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Good Technique Vs Good Anatomy: Which Would You Rather Have When It Comes To Injury Prevention?


Person lifting weights


Here’s a question I’d like to pose - would you rather perform a task with good technique vs good anatomy when it comes to injury prevention?


The task can be anything from squatting or stooping to properly lifting heavy weights or groceries, to swimming with perfect form and technique. Perfect technique sounds great, considering that’s what consistently has been preached.


What about flawless anatomy? Perfect congruency between bones, plentiful synovial fluid lubricating all of your joints, all cartilage intact, not a single abnormal bone in your body.


Ideally, I'm sure you'd like to have both, but that might not be realistic for everyone.


Do you ever wonder why you’ve been told you have great technique with your lifts in the gym or that you have great technique in the pool, yet somehow you still get injured?


What about the contrary - you’ve been told you look sloppy and you’ll risk injury, yet you’ve never been injured before.


Obviously, injuries are much more complicated than the binary. Injuries are often multi-factorial and are not only based on a single mechanism of injury. In fact, your state of mind can also impact your risks of sustaining injuries. However, to simplify the matter, we’ll stick to this “either-or” scenario.


I have had many swimmers - teammates, kids and adults I’ve coached, and myself included - suffer from various sports-related injuries despite striving to perfect each stroke to optimize efficiency and be as hydrodynamic as possible. Yet for some reason, we developed some sort of injury despite our focus and unrelenting drive to perfect our technique. I’ve personally asked myself, “why me” and “what did I do wrong”. I’m sure I’m not the only one.


In an individual sport like swimming, it’s hard not to blame and be frustrated with yourself; especially when you and your teammates train the same yet some of them have never experienced the woes of shoulder or knee pain.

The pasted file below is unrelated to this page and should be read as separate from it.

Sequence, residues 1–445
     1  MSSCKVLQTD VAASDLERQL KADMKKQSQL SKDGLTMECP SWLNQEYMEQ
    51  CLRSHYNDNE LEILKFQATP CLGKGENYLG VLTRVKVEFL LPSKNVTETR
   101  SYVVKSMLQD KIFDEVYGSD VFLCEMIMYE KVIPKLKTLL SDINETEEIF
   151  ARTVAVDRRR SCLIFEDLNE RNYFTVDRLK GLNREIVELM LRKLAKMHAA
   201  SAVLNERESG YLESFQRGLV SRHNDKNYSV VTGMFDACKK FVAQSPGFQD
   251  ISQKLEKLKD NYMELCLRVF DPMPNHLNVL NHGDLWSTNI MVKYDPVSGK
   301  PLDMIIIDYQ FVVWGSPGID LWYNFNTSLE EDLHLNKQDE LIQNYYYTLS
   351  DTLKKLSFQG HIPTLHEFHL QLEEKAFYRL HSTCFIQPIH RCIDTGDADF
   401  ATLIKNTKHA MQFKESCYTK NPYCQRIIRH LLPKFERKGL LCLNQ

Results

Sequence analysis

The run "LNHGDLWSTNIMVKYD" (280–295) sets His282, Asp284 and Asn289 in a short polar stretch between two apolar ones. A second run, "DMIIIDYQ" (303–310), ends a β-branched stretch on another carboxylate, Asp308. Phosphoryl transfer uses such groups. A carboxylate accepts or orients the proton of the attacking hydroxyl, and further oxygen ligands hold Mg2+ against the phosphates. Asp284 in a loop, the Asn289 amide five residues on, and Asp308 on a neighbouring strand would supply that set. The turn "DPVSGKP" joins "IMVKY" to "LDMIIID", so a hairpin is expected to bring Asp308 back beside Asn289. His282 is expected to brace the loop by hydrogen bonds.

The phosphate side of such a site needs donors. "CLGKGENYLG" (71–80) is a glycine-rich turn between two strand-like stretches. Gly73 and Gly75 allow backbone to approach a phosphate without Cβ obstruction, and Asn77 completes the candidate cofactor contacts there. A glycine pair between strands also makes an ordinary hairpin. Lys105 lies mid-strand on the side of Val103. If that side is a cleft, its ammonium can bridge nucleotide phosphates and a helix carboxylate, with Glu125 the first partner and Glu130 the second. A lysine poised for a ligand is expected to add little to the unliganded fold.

In instances like these, it’s important to take a step back and remove the emotions out of the picture. It’s crucial to recognize that every body is built differently, and that despite the same training, not every body will produce the same results.


We all have anatomical (and physiological) differences that impact our capacity to train, perform, and recover. And it’s important to take these factors into consideration when we sustain injuries, too.


You can have perfect technique, and still suffer injuries because your anatomy happens to include a little bone spur. You can develop repetitive stress injuries because of overtraining or single-sport specialization. You can go completely unscathed with poor form because you’ve got good anatomy (to a certain extent). The matrix of various outcomes is endless.


However, it's important to remind yourself that it doesn’t make you any less of an athlete if you get injured. You’re also not necessarily a better athlete simply because you’ve got “good bones” or because you've never been injured.


Ultimately, it's important to recognize that because all bodies are built differently, optimal technique will depend on your body structure. Depending on your physique, you may need to tweak your technique so that it’s best suited for you. The same goes with training programs. One form of training will not produce the same results for everyone.


In our society where fitness and health misinformation runs rampant, and cookie-cutter programs are produced en masse, it’s important to remember that your body may not respond to specific forms of training the way you wish it did. It’s not to say that it won’t get close, but that’s where the benefit of personalizing your health and fitness to fine-tune areas unique to you comes into play.


Batman meme about injuries

***If you’re struggling with your nutrition and fitness in any capacity, private coaching with the The Swimmer's Doc could be the perfect place to start. Visit our website for more information about the coach, methods, and services.




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